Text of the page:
Seven of the dietary supplements (six in the form of tablets, one in the form capsules) did not pass the pharmacopeia requirements of disintegration time - after 30 min of the disintegration more than two dosage units did not disintegrate completely. In extreme cases, disintegration took 40 minutes to an hour.

The researchers note: "An adequate tablet strength should provide fracture toughness to permit dosing and, at the same time, adequate disintegration upon digestion. Unfortunately, inappropriate manufacturing of dosage form (e.g., high compression force, unsuitable excipients) may inhibit both the disintegration of dosage form and dissolution of active substances. In such a case, the digestive processes may not be sufficient to provide the liberation of the components for absorption."

Based on the obtained results, the researchers conclude there is a potential risk that six of the tested supplements would not completely disintegrate after consumption, which may result in the failure of both the total dose release and the absorption.

In the size and shape analysis, the researchers found one supplement did not meet the FDA recommendations because it had a diameter larger than 22 mm. The authors note that numerous scientific reports​ indicate that tablets exceeding 8 mm (in any dimension) are not preferred by patients due to discomfort during ingestion. According to this criterion, they conclude that 13 supplements tested might be inconvenient for patients to swallow. 

Eight dietary supplements were enriched with iron compounds (iron(II) gluconate or iron(II) fumarate. Five of them displayed statistically significant differences in this content in comparison with manufacturers’ declarations. In fact, iron levels ranged between 84.91 and 140.69% of producers’ declarations. Moreover, all the analysed pairs of products displayed statistically significant differences between batches.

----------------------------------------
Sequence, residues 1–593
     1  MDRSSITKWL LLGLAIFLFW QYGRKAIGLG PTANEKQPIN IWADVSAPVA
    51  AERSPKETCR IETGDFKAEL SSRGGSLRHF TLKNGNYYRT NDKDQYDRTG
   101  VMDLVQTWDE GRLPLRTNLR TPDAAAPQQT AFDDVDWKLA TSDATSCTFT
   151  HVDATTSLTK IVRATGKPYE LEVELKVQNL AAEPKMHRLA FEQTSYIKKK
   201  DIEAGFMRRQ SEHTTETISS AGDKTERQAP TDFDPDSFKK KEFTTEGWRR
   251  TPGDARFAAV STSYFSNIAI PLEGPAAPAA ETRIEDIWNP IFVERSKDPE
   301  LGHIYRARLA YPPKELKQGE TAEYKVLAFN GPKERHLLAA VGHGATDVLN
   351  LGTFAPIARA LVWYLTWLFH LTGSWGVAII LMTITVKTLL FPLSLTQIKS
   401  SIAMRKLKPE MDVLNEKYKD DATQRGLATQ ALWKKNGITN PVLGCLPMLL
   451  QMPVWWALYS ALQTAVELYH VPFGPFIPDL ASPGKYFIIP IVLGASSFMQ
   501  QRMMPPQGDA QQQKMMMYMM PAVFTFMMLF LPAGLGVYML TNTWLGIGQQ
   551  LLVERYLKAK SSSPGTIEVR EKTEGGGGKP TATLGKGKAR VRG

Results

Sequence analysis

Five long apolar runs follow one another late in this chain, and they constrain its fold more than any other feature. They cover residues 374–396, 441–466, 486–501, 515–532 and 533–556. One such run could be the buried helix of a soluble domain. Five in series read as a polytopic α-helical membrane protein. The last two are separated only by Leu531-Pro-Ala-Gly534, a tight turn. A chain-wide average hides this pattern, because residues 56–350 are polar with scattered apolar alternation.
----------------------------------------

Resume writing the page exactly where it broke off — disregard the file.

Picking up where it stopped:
The analysis also revealed the iron content in 56% of the unenriched supplements was higher than the content of dried beetroot (0.76 mg/100 g dry weight). In the case of zinc, 71% of all supplements had a higher content of this element than the dried beetroot (0.29 mg/100 g dry weight). 

The authors conclude there is a need to control beetroot-based dietary supplements, as they show considerable variation in physical parameters between batches and some of them may pose risks to the consumer due to the size and shape of the dose, non-degradation, and high hardness or friability.

They add: "It can be concluded from the producer’s declaration that most products contain a negligible amount of processed beetroot (usually less than 5 g of fresh vegetables). Only supplements enriched with iron deserve attention, as they can be important sources of this ingredient compared to other products. 

"In summary, similar to the USP requirements should be considered on the European market of dietary supplements, and control of the formulation quality should be provided to ensure safety for consumers. Moreover, due to the increasing number of adulterated dietary supplements, there is a need for constant monitoring of their chemical composition and safety. Possible contamination above the permissible limits or adulteration translates into an increased health hazard for the consumer. Therefore, stricter controls before placing them on the market should be considered."

Determination of the other beetroot phytochemicals content will be the subject of further research.

Nutrients: Foods

Brzezińska, J., Szewczyk, A., Brzezicha, J., Prokopowicz, M., and Grembecka, M. 

"Evaluation of Physicochemical Properties of Beetroot-Based Dietary Supplements"

https://doi.org/10.3390/foods10081693

Related topics: Research